Government maintains auto-enrolment earnings thresholds
The government has announced that for 2023/24 the auto-enrolment earnings trigger and the qualifying earnings band will remain at their current levels (GBP10,000 and GBP6,240 to GBP50,270 respectively). The announcement repeats the commitment mentioned above to remove the lower earnings limit in the ‘mid-2020s’, subject to discussions with employers and other stakeholders on the right implementation approach, and finding ways to make these changes affordable. It notes that this does not pre-empt any annual thresholds reviews in the interim.
Consultation on ‘fire and rehire’ Code of Practice
The government is consulting on a draft statutory Code of Practice for employers seeking to change employment terms and conditions, where it is envisaged that employees might be dismissed and re-engaged on new terms to implement the change (commonly known as ‘fire and rehire’). In the pensions context, this will be relevant where employers consider using fire and rehire to implement changes to employees’ contractual pension entitlements.
The Code includes practical guidance intended to clarify the steps employers should take in this scenario, for example careful examination of business plans and alternatives in light of the impact on employees; considering feedback; factors to consider; and communicating with employees. The purpose of the Code is to ensure that an employer takes all reasonable steps to explore alternatives to dismissal and does not use threats of dismissal to put undue pressure on employees to accept new terms, instead of seeking to find an agreed solution.
A failure to observe the Code will not, by itself, render anyone liable to proceedings, but the Code will be admissible in evidence in proceedings before a court or employment tribunal, and any provision of the Code which is relevant to those proceedings must be taken into account. Employment tribunals will have the power to increase an employee’s compensation by up to 25% if an employer unreasonably fails to comply with the Code. They could also decrease any award by up to 25%, where it is the employee who has unreasonably failed to comply. The consultation closes on 18 April 2023.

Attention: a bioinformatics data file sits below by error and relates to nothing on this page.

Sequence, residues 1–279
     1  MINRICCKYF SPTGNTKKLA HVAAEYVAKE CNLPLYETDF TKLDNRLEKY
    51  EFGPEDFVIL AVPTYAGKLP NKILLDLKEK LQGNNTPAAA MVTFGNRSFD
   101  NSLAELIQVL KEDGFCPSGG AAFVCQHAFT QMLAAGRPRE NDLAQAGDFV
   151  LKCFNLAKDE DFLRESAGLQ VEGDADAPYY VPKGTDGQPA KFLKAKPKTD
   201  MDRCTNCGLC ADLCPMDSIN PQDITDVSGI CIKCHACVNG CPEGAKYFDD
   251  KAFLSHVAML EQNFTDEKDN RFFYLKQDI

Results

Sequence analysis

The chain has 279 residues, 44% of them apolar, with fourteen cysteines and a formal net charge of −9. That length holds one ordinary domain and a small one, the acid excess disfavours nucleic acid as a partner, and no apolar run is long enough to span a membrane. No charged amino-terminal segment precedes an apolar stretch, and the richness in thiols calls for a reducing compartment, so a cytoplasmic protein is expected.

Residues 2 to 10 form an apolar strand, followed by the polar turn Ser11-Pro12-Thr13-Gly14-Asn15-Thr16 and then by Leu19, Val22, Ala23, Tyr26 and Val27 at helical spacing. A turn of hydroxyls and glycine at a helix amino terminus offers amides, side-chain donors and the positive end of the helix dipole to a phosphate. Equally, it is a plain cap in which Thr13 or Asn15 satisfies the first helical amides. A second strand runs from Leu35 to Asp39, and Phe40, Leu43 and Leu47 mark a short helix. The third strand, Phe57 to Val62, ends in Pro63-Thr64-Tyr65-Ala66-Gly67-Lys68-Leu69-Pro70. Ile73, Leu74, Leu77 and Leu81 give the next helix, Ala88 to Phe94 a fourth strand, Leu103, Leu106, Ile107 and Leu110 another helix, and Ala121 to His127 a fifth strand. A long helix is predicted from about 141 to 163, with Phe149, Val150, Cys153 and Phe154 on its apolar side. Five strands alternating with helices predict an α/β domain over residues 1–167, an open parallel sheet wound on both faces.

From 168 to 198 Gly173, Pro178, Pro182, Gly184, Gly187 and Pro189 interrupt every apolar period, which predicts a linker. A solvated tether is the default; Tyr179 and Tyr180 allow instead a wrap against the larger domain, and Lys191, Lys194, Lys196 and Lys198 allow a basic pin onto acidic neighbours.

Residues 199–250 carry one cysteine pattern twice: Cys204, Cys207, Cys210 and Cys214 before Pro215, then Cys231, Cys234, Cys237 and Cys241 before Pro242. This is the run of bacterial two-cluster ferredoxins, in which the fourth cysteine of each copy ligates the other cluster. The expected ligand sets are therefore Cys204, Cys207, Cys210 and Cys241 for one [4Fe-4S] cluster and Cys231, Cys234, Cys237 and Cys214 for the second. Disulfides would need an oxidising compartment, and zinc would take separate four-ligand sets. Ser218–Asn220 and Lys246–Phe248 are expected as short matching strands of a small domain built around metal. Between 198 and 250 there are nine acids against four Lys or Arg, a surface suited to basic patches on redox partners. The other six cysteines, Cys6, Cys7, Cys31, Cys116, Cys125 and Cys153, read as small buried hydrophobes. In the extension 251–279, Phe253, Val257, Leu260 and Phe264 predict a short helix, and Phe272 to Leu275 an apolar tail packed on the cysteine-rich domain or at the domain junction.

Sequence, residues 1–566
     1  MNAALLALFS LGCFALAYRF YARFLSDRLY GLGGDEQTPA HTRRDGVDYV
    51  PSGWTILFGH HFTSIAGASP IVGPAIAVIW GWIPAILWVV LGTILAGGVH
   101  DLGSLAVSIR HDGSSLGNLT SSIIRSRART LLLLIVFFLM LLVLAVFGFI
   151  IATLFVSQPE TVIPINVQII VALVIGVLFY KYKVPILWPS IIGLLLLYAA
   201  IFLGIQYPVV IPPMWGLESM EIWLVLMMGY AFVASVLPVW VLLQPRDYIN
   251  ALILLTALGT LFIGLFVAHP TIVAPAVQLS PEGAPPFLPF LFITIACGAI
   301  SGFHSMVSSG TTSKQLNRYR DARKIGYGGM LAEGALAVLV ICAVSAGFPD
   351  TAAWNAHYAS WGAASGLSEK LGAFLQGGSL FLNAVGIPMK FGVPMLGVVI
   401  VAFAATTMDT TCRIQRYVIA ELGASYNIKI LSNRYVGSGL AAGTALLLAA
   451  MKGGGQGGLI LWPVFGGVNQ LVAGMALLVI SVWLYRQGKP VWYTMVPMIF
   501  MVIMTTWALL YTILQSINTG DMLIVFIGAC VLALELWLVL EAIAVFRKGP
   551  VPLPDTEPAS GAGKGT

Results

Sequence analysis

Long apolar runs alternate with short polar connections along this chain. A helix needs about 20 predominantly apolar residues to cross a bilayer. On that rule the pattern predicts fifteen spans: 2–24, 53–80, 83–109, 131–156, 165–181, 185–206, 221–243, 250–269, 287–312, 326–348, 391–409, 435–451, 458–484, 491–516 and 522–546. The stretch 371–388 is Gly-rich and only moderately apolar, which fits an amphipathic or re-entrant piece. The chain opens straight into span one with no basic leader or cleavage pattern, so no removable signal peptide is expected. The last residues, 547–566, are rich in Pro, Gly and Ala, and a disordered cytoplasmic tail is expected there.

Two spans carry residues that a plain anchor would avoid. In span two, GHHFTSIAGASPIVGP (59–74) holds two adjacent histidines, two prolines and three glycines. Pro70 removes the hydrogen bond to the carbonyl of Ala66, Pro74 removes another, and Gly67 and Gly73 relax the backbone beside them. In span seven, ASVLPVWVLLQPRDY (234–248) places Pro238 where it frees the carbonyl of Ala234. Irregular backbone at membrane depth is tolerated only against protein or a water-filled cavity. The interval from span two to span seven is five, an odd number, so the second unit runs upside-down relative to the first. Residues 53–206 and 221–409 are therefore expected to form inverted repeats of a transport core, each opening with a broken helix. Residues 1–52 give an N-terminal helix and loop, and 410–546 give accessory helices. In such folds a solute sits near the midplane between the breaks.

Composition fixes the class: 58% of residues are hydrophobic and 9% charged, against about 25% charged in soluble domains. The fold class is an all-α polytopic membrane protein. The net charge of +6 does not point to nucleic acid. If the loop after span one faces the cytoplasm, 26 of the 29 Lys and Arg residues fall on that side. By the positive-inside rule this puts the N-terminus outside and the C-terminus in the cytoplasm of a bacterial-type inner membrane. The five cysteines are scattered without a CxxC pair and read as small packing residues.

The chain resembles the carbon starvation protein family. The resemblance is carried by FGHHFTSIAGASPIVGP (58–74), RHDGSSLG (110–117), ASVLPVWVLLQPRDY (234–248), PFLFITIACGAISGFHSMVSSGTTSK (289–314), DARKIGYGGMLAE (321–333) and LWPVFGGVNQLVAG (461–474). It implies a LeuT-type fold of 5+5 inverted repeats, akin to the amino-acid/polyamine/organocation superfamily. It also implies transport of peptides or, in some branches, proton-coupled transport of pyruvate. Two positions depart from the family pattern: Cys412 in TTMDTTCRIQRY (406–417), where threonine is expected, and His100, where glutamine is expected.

High Court guidance on interpretation of ‘making good’ and ‘determining’
The High Court has given directions on the interpretation of certain provisions in a scheme’s rules: Railways Pension Trustee Company Ltd v Atos IT Services UK Ltd and another. While a number of questions in the case were specific to the scheme involved, some of the reasoning on interpretation may be relevant to other schemes.
The rules in question involved requirements for members and employers to make contributions where there was a funding shortfall. One question was whether reference to ‘arrangements to make good’ a shortfall required the shortfall to be eliminated. The judge found that it this was not the case; if that had been intended, the rule could and would have used the words ‘in full’ (which were used in other sections of the scheme rules); here, the rule also included a reference to ‘the remaining shortfall’.
Another question was what power the rules gave the scheme actuary where issues (such as increases to contribution levels) were specified to be ‘as determined by the actuary’. The judge found that this did not mean the actuary was only required to engage in the mathematical calculation of an increase; the word ‘determine’ connotes an exercise of judgment and the discretion to decide that no increase would be made (although the judge accepted there may be an argument that ‘determine’ may have a different meaning in other contexts). The judge took into account the fact that the actuary not having a discretion in this case would lead to a ‘thoroughly uncommercial result’.
Schemes with rules which contain provisions relating to ‘making good’ deficits and/or parties ‘determining’ facts should consider this case when interpreting those provisions.